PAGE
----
In the last several years the market of short- and medium- haul aircraft has become the fastest growing aviation sector making single-aisle aircraft exceptionally sought-after. Such airliners are expected to amount to 70 % of the entire commercial aircraft fleet. According to AviaAM Leasing experts, another marketable aircraft type to watch out for in the upcoming several decades will be twin-aisle airships. It is expected that the fleet of aircraft accommodating 200-500 passengers will increase by 7000 new pieces, i.e. will constitute a fifth of the entire commercial aircraft market.
‘In the times of economic distress the aviation market was faced with a number of challenges. As a result, low-cost carriers had to look for alternatives in order to be able to increase capabilities and expand flight geography at minimum costs. Naturally, such airlines had to once again re-examine flight effectiveness. In the meantime, Boeing and Airbus introduced twin-aisle B787 and A380. The moment was spot-on. Not only does such aircraft reduce fuel consumption by an impressive 20%, but also have a flexible cabin configuration system making them exceptionally attractive to airlines.’, - explains CEO of AviaAM Leasing Justas Baltaduonis.
The process of replacing old and less effective aircraft is anticipated to constitute approx. 40% of the entire aircraft market. 13000 of airships are to be replaced in the next twenty years. ‘Decisions to renew fleets are highly determined by such factors as rising fuel prices and increasing costs of running old, less powerful and effective aircraft.’, - commented J.Baltaduonis.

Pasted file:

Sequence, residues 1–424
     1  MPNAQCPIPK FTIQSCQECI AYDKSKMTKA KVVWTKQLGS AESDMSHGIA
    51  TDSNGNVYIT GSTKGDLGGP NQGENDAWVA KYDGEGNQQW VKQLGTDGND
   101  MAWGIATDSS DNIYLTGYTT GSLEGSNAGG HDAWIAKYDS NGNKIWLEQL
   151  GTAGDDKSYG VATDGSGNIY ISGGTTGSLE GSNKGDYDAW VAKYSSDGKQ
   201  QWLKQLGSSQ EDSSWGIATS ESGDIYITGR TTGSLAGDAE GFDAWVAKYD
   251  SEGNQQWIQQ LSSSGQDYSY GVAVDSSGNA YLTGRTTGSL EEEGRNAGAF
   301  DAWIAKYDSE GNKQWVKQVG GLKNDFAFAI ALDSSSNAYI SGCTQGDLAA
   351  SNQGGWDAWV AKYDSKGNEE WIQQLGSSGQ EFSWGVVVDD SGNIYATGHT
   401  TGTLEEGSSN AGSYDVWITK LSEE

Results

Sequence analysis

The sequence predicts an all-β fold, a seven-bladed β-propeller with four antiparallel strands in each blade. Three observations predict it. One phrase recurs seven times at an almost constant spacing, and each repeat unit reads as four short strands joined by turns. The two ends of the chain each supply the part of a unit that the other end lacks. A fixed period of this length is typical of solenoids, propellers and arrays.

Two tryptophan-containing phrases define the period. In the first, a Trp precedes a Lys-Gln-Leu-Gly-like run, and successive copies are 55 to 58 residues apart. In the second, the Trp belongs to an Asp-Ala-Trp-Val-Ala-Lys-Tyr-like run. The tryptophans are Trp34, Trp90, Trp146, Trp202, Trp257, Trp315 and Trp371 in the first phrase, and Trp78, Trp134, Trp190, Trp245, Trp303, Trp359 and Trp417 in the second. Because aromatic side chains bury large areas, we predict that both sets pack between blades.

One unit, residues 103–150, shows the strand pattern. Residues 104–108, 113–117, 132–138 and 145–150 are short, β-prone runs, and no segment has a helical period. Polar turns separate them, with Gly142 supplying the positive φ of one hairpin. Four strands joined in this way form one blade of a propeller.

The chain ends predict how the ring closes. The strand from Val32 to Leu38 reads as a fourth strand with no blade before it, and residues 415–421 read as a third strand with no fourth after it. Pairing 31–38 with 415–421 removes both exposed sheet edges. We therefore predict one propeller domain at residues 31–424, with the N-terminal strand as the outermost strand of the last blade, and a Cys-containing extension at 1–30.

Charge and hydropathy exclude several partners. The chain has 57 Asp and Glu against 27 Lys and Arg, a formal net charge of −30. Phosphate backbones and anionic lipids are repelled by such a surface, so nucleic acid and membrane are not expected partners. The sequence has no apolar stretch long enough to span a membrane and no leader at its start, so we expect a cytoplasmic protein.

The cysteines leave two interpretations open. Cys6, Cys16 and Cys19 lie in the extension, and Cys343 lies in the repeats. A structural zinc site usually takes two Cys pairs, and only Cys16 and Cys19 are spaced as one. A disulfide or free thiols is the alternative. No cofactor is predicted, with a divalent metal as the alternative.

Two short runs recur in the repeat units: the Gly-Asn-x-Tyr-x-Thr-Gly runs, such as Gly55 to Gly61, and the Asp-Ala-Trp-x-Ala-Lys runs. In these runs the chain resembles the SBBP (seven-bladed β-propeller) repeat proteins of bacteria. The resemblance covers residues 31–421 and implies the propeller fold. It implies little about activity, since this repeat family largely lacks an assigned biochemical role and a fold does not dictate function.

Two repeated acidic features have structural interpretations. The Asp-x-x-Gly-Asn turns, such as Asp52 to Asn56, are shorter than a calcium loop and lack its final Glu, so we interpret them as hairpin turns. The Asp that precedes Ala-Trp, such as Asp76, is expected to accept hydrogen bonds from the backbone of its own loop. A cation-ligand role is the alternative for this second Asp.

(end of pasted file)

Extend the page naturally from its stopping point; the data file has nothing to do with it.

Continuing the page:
In AviaAM Leasing experts’ opinion, in the process of renewing fleets airlines will definitely consider passengers’ requests and look for optimum solutions ensuring maximum comfort on long flights. Consequently, the Asian-Pacific region carriers are expected to order almost a half of all twin-aisle aircraft. Due to declining bureaucracy and long distances the demand of wide-body aircraft in the region will grow from 1050 to 3280. ‘A similar situation is evolving in Latin America too. A much bigger growth is expected in the single-aisle aircraft market; on the other hand, most of them will be intended for operating flights within the continent. The remaining 300 aircraft are expected to be ordered by the companies from the remaining parts of the world.’, - said J.Baltaduonis.
According to J.Baltaduonis, an increasing interest in modern airships is not entirely determined by financial reasons, such as fuel costs and increased expenses of running outdated aircraft. There is no secret that airlines are increasingly concerned with environmental footprint. Modern aircraft contribute towards lowering carbon emissions and thus help combat global warming. ‘In this regard Europe has much to be proud of as it pays the most attention to the matter. In the next 20 years time the European fleet will consist of more than 94% of modern aircraft, 1500 of which will be twin-aisle pieces.’, - stated J.Baltaduonis.